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WTXL ABC 27 News

Leaders work to Thomasville fix flood problem

By Channing Frampton,


Flash flooding is nothing new for certain streets in Thomasville. High water disrupts business and traffic and can lead to issues downstream. Now, new money is flowing in from Washington, D.C. to help.

Sunny skies can darken quickly over the Rose City bringing heavy and swamping streets.

“When we get several inches of rain in a short period of time…the water pools pretty quickly,” explained Roger Hawkes. He owns Hubs & Hops on West Remington Avenue in Thomasville. He said he has seen how quickly the water can come up after a heavy rainstorm.

“We’ve had vehicles get stuck up to the door windows and things like that,” Hawkes added. “We’ve actually had to go down and help somebody get out of a vehicle.”

One recent flood event happened May 17, 2023.

“You can’t anticipate when you’re going to get a storm with two or three inches,” Hawkes said. “Everybody who lives in this area knows that can happen in an instant.”

Now, Georgia Senator, Jon Ossoff, says he’s working with city leaders to figure out a fix for the flooding. ABC 27 spoke with him one-on-one about the problem. “I’m always thinking about South Georgia,” Sen. Ossoff said.

Working together, Senators Ossoff and Raphael Warnock secured bipartisan support in congress to help the city implement Phase 1 of its wastewater master plan to address structural challenges worsened by Hurricane Michael in 2018.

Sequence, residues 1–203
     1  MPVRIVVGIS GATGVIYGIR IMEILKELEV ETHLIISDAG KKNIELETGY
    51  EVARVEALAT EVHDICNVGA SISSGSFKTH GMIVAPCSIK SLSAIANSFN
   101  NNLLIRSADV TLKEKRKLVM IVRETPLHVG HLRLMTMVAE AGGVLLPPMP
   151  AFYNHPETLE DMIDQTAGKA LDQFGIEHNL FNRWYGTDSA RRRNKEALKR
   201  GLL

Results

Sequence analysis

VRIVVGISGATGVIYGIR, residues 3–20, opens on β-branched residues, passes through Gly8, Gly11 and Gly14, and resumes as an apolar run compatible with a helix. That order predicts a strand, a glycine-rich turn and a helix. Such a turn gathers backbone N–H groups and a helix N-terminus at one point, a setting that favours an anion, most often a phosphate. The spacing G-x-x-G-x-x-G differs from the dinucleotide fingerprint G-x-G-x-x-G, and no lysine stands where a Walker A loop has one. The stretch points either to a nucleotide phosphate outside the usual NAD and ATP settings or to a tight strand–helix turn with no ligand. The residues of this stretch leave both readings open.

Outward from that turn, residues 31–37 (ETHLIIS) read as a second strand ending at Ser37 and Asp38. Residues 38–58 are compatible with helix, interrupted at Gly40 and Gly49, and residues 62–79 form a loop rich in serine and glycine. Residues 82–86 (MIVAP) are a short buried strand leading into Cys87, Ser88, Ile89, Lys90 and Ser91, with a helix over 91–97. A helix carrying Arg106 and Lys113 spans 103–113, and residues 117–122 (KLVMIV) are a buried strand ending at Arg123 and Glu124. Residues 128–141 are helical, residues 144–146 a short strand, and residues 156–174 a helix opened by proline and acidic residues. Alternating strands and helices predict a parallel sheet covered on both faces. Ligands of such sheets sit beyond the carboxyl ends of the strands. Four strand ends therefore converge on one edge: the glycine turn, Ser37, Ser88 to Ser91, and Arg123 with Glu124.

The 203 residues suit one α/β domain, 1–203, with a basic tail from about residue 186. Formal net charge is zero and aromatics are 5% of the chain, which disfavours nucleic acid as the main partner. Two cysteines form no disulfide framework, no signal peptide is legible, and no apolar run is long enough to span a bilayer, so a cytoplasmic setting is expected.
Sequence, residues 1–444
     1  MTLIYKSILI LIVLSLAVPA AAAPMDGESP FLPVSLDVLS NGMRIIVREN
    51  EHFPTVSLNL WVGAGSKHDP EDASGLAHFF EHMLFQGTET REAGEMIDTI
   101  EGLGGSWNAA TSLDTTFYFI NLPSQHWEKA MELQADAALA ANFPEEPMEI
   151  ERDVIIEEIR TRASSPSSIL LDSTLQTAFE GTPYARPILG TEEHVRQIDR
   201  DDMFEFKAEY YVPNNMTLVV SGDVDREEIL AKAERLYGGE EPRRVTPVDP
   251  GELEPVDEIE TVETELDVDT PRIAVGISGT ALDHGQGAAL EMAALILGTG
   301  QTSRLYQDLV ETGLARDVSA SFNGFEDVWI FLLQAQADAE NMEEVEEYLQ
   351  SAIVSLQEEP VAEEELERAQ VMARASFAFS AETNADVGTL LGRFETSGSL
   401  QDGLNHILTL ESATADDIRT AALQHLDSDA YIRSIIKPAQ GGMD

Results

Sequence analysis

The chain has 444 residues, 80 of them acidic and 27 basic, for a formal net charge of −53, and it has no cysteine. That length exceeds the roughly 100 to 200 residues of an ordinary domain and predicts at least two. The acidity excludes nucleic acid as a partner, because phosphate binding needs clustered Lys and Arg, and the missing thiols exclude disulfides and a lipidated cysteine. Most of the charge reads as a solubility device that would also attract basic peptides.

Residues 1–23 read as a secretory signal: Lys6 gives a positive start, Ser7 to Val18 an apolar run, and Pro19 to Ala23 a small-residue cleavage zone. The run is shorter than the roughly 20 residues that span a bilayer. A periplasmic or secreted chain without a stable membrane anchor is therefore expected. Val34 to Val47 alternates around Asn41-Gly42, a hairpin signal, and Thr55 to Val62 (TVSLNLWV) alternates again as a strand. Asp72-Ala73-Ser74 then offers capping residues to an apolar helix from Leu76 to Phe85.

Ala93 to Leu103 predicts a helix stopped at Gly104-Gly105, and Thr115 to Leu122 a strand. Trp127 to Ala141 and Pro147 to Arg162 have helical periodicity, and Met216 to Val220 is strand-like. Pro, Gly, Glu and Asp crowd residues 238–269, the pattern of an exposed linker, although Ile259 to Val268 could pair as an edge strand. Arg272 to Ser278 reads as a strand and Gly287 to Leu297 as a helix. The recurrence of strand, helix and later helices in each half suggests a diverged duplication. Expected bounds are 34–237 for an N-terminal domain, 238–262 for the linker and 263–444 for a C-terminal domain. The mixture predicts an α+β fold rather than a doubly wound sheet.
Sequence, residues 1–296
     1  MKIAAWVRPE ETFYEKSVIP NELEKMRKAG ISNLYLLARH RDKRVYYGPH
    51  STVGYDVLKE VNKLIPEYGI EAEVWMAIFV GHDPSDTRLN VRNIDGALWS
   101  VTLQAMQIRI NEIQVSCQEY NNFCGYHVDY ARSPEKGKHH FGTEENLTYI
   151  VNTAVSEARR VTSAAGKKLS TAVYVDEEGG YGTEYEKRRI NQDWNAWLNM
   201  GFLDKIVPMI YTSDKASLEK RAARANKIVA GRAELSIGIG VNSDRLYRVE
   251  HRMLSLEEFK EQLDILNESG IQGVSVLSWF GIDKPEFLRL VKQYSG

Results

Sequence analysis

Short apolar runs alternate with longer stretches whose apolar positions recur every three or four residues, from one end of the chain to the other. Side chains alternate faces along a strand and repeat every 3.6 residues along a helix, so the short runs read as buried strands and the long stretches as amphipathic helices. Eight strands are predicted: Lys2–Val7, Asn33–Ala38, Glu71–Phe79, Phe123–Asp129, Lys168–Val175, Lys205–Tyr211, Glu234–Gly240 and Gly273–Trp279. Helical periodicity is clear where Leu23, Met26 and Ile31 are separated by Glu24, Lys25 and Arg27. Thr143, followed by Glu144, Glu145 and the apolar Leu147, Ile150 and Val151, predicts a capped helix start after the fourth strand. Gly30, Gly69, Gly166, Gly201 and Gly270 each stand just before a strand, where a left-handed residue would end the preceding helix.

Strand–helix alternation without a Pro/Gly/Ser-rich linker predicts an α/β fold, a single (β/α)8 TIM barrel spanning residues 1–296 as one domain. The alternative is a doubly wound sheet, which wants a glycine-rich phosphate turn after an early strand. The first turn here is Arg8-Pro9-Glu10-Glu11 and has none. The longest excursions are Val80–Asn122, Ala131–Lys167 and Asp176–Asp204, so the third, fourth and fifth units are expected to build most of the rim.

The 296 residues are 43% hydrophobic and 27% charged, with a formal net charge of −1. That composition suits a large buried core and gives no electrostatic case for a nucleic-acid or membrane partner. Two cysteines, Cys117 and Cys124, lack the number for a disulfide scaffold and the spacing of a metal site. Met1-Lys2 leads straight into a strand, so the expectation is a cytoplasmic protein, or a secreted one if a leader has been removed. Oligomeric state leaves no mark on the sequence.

“Thomasville City Leadership reached out to me and explained some of the challenges that the city faces with storm water management, the waste water system and water quality,” Sen. Ossoff added.

He said he worked to secure $1,200,000 for the project with bipartisan support in last year’s government funding package. The senator added, “when the storm water overwhelms the wastewater system, you also get downstream effects. That can mean that sewage flows into rivers and streams which then can impact health in communities downriver.”

We asked city leaders about the issue on West Remington. In an emailed statement, Thomasville’s Assistant City Manager Chris White said in part quote:

As part of the Oquina Creek Basin, this location was identified as one of several areas in need of stormwater modifications. During our storm water study, 23 similar locations were identified in a multi-year, capital improvement plan that addresses these issues collectively and holistically.

Now, the city is working on a large improvement project on its Wastewater Treatment Facility. A city spokesperson shared a news release that stated the project will be completed in two phases with a combined cost of over $8.5 million for the entire project .

While it’s not immediately clear what the solution for this drainage area will be, business owners and city leaders alike say they’re glad Thomasville is on Washington’s radar.

The old wastewater system was permitted to process 6.5 million gallons per day. According to the news release, it currently cannot effectively process more than about 4.5 million gallons.

Potential hurricanes, tropical storms and torrential rain can bring in 20 million gallons in a single event, which is why leaders are working to upgrade how much water their system can handle.

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